About a month ago, I saw an Internet comment from a self-described, 80-year-old, White man from the South who claimed to have never benefitted from White privilege. He claimed that he could not have benefitted from White privilege because he had had to work his way through college and had suffered lay offs several times during his career. Never mind that if indeed he had grown up in the South, he most probably grew up attending segregated, all-White schools while his Black peers had been victims of Jim Crow. Like many, he confused White privilege with economic privilege.
In order to make the concept of White privilege more comprehensible to those who struggle with the idea that there are multiple types of privilege, last week, we talked about White immunity. White immunity is the idea that being White in a racist society provides a type of social inoculation against racial discrimination. However, while the idea of White immunity is helpful in leading people to comprehend what we mean by White privilege, it is limited in scope. White privilege cannot be isolated anymore than language privilege, economic privilege, or male privilege, and it is only by understanding the intersection of different types of privileges that we can fully understand racial injustice.
Concentric Circle of Normalcy and Power
To help people understand the concept of privilege, I use what I call the Concentric Circle of Normalcy and Power. The Concentric Circle of Normalcy and Power is based on the idea that the more “normal” one is considered to be, the more power and/or privilege one has. Those who are considered more “normal” are closer to the center of the concentric circles. Those who are considered less “normal” are further away from the circle.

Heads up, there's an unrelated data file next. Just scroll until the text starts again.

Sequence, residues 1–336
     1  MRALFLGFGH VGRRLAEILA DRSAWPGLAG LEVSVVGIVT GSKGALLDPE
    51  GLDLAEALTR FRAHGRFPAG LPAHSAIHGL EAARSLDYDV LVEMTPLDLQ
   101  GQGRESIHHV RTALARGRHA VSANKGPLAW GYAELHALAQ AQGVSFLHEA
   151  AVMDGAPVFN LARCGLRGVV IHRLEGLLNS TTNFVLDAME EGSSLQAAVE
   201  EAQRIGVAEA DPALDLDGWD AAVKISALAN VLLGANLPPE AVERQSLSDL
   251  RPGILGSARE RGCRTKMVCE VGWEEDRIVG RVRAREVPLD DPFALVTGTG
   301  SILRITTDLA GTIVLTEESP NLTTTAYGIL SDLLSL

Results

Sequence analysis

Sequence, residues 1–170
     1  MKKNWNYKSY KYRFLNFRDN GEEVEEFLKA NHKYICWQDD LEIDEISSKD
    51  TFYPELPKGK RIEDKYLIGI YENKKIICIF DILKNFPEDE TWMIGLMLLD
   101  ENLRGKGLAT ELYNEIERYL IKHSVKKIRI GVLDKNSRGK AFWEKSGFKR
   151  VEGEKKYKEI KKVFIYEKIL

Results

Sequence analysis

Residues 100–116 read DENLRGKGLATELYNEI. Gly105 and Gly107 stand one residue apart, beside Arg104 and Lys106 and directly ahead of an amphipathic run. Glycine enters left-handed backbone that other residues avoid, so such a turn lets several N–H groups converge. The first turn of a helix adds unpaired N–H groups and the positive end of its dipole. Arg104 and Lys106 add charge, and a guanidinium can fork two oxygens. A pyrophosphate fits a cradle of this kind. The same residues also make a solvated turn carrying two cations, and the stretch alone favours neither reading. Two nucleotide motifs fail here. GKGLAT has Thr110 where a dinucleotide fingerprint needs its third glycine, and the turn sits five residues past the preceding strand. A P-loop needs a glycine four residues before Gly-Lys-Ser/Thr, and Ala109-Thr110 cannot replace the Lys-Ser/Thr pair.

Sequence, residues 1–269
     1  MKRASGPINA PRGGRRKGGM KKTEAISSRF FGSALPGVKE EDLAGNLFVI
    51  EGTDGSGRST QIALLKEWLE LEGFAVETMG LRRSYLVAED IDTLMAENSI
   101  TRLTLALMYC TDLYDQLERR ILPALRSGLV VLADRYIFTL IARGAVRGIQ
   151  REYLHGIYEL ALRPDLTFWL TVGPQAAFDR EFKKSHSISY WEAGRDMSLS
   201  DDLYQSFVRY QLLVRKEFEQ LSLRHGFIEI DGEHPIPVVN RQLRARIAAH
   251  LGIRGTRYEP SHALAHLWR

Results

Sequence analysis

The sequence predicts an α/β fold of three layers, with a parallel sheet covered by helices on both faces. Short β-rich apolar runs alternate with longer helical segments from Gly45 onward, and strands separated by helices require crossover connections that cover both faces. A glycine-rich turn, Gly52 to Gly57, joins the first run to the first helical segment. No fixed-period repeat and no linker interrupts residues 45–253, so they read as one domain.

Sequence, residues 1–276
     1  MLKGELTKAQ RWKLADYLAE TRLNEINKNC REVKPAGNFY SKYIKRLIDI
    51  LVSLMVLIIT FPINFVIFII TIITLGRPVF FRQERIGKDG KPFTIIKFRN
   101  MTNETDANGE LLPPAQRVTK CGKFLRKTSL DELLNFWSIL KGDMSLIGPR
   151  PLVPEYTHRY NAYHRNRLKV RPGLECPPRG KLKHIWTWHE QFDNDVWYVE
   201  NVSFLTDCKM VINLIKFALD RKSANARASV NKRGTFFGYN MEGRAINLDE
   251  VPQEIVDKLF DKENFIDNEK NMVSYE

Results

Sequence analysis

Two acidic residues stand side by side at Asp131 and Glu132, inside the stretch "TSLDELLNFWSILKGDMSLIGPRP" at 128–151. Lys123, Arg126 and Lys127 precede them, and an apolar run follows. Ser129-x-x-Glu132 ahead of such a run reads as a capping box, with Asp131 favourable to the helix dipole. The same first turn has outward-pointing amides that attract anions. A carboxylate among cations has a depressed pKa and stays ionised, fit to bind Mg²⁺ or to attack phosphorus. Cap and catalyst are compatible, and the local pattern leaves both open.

“Normal” in American society is defined primarily by one’s identity groups. For instance, race heavily influences one’s level of “normalcy.” Being White is considered more “normal” than being of color. Being “Christian” is considered more “normal” than being from a non-Christian religious background. Other signs of “normalcy” include being heterosexual, cisgendered, able bodied, economically well off, English speaking without a foreign accent, and having (or being eligible for) a US passport. Of course, “normalcy” when it comes to any identity group is not a simple binary. While being White is considered “normal,” being White passing (or looking White even if you are in reality of a different racial heritage) brings you closer to the center of the circle than being visibly of color. Similarly, being higher on the racial hierarchy confers one with greater power than being lower on the hierarchy even when one is not White. Religion is another example of how “normalcy” is not binary. For example, being Jewish in our Judeo-Christian society does not confer the same level of power as being Christian, but it does confer more power than say someone who is Muslim or who practices an Eastern religion. Comparably, when it comes to language identity, speaking French as a first language brings one closer to the center of the circle than speaking Spanish as a first language. And of course, it is the intersection of these identities that brings about one’s exact position on the Concentric Circle of Normalcy and Power, an intersection where those identity traits that are more visible have a greater influence on one’s privilege and power than those characteristics that one can more easily hide.
Practice Identifying Power and Privilege
To fully understand the Concentric Circle of Normalcy and Power, one must practice using the tool. Below are three people who belong to different combinations of identity groups. Where would you place each person on the diagram? Which characteristics most influence your placement? Who is closest to the center of the circle? Who is the farthest from the center? How far are the three people from one another? Try doing this exercise with a group of friends or colleagues. The resulting conversations will really push you to understand this tool at a deeper level.
Person 1: White male, heterosexual, well educated, Jewish, able-bodied, American born
Person 2: Black and South Asian female (looks Black), well educated, Christian (half Christian, half Hindu by heritage), heterosexual, able-bodied, American born
Person 3: South Asian, White passing, American born, heterosexual, Christian-convert but Sikh by birth, able-bodied female
What is Social Justice?
Why is it important to understand and be able to use the Concentric Circle of Normalcy and Power? By understanding how the intersection of one’s identity groups influences power and privilege, one can begin to call out and ultimately, remedy injustices. It is when those on the outermost rim of the Concentric Circle of Normalcy and Power have the same power and privilege as those in the center that we will have finally achieved social justice.